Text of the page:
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One has not even a slight idea of what mathematics is, one does not suspect its extraordinary scope, the nature of the problems that it proposes and solves, until one knows what a function is, how a given function is studied, how its variations are followed, how it is represented by a curve, how algebra and geometry aid each other mutually, how number and space illustrate one another, how tangents, areas, volumes are determined, how we are led to create new functions, new curves, and to study their properties. Precisely these notions and methods are needed to read technical books in which mathematics is applied. They are indispensable to whoever wishes to understand the rapid scientific movement, the manifold scientific applications of our times which day by day tend to modify more profoundly our fashion of thinking and of living.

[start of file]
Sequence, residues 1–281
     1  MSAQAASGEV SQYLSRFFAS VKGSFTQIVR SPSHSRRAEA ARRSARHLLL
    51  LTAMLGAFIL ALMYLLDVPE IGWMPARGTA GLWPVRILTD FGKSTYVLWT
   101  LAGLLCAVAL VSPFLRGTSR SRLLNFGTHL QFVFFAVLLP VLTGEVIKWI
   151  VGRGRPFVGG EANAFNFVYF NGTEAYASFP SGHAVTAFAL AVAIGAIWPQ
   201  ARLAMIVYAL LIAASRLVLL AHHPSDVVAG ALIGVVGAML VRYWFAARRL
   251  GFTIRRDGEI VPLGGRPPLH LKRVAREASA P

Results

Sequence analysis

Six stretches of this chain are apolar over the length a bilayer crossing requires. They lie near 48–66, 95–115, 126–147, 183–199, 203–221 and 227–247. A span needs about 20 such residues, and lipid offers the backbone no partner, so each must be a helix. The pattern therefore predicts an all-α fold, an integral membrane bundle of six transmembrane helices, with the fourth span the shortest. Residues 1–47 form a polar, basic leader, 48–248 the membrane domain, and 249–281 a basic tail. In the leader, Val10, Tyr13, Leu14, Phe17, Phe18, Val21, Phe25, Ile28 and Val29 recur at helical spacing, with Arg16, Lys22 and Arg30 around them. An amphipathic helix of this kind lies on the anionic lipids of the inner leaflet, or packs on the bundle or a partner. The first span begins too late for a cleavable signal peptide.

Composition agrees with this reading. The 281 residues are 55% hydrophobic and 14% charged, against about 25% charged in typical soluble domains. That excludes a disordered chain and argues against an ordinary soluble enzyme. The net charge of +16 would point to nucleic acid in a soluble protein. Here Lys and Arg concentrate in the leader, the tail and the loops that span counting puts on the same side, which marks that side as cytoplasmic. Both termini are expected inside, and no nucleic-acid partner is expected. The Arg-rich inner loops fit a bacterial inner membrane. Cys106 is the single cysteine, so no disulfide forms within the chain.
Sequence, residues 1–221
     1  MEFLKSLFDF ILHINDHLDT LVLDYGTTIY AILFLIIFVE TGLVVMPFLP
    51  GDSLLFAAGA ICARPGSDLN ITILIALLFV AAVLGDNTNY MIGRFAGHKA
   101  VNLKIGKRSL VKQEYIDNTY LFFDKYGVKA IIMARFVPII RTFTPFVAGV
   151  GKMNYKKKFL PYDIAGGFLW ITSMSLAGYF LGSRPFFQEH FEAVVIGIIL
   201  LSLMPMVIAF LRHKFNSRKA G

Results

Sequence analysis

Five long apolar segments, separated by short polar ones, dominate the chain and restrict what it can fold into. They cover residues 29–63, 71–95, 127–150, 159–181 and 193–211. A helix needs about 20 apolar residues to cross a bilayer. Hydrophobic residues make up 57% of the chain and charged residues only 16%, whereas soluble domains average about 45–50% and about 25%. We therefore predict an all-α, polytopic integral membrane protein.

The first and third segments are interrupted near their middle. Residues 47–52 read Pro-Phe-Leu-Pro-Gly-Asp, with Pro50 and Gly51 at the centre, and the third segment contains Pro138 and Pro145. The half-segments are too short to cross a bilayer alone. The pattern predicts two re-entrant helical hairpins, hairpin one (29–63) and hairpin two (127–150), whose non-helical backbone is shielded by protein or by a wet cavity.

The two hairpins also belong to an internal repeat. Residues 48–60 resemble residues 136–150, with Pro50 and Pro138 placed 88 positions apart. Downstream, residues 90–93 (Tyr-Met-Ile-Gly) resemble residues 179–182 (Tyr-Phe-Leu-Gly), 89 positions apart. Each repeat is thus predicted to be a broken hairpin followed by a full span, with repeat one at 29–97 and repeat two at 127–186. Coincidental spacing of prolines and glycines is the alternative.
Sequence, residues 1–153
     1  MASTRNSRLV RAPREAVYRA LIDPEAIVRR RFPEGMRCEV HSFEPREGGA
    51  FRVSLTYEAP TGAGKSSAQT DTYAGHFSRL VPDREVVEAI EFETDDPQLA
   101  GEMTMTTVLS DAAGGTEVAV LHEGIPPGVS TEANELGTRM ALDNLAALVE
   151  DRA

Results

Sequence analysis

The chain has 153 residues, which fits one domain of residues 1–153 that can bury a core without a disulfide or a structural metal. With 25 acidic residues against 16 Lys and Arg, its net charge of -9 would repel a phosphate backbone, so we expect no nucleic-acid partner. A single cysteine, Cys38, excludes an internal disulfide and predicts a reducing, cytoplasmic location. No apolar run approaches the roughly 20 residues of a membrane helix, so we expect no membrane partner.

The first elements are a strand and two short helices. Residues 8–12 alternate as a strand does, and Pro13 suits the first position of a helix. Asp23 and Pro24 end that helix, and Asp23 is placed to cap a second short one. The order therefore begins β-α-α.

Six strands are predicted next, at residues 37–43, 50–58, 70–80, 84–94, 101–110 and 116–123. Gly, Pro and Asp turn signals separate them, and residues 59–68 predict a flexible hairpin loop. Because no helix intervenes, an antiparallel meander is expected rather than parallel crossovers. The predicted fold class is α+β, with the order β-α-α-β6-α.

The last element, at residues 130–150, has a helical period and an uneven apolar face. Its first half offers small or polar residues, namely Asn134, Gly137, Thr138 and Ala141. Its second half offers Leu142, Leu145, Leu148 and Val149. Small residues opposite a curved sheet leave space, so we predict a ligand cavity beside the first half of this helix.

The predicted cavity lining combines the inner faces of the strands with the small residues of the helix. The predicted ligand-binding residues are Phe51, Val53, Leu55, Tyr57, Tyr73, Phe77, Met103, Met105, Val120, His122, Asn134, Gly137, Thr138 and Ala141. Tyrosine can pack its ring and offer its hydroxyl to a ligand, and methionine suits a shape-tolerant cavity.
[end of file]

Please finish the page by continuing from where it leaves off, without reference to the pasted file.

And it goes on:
Jules Tannery
French mathematician, 1848 1910
Notions de Mathematiques, 1903